Cognitive behavioural therapy (CBT) is a popular psychological treatment which has been shown to be effective in treating common disorders such as anxiety and depression.
CBT is not a new therapy by any means and it has a practical structure which makes it easily measurable. These factors have resulted in a large body of successful clinical trials which, more recently, have secured its position as one of a range of recommended treatments on the NHS.
What is CBT?
Cognitive behavioural therapy is a type of talking therapy which involves identifying and challenging unhelpful thoughts. It works to help people learn alternative thinking patterns and behaviours which can then improve the way they feel. CBT explores the relationship between feelings, thoughts, and behaviours, and evolved from two distinct schools of psychology: behaviourism and cognitive therapy. Its roots can be traced to these two approaches.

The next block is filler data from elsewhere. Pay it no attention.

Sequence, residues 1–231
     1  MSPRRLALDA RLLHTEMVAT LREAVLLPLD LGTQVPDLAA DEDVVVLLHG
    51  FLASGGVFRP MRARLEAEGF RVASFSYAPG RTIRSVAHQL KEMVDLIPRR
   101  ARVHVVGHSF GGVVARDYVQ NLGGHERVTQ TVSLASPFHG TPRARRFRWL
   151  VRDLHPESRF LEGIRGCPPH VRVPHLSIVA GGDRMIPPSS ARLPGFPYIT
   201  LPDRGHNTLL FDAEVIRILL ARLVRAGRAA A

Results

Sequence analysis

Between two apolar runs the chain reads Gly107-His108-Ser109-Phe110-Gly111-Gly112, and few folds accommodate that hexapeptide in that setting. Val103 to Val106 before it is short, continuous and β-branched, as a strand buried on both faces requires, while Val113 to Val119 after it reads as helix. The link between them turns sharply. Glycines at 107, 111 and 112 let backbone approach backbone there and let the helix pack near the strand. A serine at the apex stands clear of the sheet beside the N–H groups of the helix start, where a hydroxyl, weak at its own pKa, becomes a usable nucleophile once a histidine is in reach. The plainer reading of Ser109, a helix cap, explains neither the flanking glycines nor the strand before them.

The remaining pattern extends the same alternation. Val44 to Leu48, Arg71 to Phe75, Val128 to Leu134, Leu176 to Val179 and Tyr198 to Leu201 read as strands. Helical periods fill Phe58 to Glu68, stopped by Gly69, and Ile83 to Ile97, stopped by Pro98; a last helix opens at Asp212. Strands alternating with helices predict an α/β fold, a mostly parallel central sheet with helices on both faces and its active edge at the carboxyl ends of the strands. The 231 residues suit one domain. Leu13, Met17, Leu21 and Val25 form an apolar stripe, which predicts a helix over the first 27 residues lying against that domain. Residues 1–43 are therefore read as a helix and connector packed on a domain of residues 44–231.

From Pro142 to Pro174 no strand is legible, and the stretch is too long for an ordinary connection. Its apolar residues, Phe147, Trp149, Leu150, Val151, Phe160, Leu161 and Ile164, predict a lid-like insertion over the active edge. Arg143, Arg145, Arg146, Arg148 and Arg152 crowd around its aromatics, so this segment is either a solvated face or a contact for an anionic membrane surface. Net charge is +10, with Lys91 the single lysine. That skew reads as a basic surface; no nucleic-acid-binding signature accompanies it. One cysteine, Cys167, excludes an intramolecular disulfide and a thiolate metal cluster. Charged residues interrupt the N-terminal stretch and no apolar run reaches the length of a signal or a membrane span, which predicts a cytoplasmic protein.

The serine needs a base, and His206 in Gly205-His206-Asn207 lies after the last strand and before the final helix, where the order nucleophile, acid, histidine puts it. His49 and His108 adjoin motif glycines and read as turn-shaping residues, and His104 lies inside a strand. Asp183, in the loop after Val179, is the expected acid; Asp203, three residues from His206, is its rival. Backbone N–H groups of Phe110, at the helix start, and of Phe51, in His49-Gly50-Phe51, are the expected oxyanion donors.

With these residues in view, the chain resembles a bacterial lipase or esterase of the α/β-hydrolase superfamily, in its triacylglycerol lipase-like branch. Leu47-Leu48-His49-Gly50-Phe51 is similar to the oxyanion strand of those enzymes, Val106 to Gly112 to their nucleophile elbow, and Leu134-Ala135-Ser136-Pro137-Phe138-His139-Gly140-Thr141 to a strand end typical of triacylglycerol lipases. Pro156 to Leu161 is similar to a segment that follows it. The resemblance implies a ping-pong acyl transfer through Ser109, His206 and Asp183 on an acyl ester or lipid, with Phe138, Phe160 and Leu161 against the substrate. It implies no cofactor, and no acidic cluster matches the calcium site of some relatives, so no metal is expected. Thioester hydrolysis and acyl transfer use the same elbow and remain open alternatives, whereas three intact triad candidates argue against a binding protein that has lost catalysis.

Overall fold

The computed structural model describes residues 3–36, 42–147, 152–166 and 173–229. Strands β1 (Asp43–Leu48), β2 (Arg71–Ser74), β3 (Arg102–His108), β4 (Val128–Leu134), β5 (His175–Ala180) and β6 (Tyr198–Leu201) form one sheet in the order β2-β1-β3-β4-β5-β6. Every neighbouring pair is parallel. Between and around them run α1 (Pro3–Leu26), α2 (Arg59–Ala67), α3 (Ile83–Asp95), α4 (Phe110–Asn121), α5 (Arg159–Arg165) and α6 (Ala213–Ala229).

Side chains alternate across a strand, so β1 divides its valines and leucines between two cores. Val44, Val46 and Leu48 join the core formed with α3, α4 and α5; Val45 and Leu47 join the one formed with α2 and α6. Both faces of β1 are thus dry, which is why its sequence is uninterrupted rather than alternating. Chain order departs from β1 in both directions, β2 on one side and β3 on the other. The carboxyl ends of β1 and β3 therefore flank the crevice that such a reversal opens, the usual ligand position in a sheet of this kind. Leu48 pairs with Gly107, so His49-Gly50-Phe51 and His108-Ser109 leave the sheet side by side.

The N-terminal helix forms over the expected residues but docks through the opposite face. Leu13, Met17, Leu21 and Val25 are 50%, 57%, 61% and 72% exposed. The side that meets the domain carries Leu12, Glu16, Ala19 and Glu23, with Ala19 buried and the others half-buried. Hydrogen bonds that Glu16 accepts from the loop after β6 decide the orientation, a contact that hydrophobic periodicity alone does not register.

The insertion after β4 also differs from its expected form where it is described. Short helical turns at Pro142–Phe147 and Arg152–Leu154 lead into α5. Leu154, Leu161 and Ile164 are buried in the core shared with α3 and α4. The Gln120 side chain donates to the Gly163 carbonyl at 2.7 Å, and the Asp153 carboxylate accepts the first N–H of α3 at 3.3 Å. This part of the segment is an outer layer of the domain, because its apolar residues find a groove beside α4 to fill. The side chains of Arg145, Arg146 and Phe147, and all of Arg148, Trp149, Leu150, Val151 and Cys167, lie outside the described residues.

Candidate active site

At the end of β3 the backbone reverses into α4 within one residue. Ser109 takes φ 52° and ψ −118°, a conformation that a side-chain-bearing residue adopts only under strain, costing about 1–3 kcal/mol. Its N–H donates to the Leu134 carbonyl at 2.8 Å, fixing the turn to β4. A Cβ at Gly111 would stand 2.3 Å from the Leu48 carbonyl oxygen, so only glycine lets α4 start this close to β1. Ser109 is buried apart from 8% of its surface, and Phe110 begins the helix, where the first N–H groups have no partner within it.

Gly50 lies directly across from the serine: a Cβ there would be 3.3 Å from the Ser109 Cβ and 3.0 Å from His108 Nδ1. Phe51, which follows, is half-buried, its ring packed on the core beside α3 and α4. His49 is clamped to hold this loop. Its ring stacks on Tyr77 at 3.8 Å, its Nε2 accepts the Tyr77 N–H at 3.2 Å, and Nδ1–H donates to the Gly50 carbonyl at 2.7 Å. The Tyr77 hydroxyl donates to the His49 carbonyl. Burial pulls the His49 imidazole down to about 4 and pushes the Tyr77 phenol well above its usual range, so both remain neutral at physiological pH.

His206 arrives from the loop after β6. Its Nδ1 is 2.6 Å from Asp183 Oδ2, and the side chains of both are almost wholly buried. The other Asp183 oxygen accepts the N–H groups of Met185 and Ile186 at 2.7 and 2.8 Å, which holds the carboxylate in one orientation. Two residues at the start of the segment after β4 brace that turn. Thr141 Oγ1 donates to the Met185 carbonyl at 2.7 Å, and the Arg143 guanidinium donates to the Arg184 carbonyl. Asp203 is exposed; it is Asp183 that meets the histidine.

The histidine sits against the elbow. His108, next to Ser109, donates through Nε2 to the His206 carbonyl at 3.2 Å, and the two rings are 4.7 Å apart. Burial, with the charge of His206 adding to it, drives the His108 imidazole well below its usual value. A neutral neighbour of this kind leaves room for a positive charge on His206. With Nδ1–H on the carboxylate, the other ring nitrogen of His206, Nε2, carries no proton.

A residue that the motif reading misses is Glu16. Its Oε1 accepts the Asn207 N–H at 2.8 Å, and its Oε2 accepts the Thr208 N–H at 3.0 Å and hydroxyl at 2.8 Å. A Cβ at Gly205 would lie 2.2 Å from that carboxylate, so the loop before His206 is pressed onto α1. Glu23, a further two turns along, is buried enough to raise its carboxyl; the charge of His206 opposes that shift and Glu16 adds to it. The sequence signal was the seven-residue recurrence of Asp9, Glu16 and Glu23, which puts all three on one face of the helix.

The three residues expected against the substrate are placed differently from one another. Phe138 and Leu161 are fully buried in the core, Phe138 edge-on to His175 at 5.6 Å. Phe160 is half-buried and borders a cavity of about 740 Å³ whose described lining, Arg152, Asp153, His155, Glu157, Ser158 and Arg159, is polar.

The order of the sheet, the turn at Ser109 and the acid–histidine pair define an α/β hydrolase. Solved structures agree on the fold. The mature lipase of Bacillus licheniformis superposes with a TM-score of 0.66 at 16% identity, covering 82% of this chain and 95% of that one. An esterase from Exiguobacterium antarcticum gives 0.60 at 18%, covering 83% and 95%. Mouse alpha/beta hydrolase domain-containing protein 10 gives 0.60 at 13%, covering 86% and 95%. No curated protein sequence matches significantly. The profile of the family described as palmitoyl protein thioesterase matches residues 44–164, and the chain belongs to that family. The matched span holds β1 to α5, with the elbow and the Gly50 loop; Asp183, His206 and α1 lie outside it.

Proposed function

Behavioural Therapy Roots
Behavioural treatment for mental disorders has been around since the early 1900’s. Key proponents like Skinner, Pavlov, and Watson developed theories of change and behavioural treatments. Behaviourism is based on the idea that behaviours can be measured, modelled, and changed.
The first wave of behavioural therapy came about in the 1930/40s in response to the emotional impacts faced by the many WWII veterans returning from war. This need for effective short-term therapy for depression and anxiety coincided with a build up of behavioural research regarding how people learn to behave and react to life situations. Behaviourism offered an alternative to the dominant model of that time, psychoanalysis.
Cognitive Therapy Roots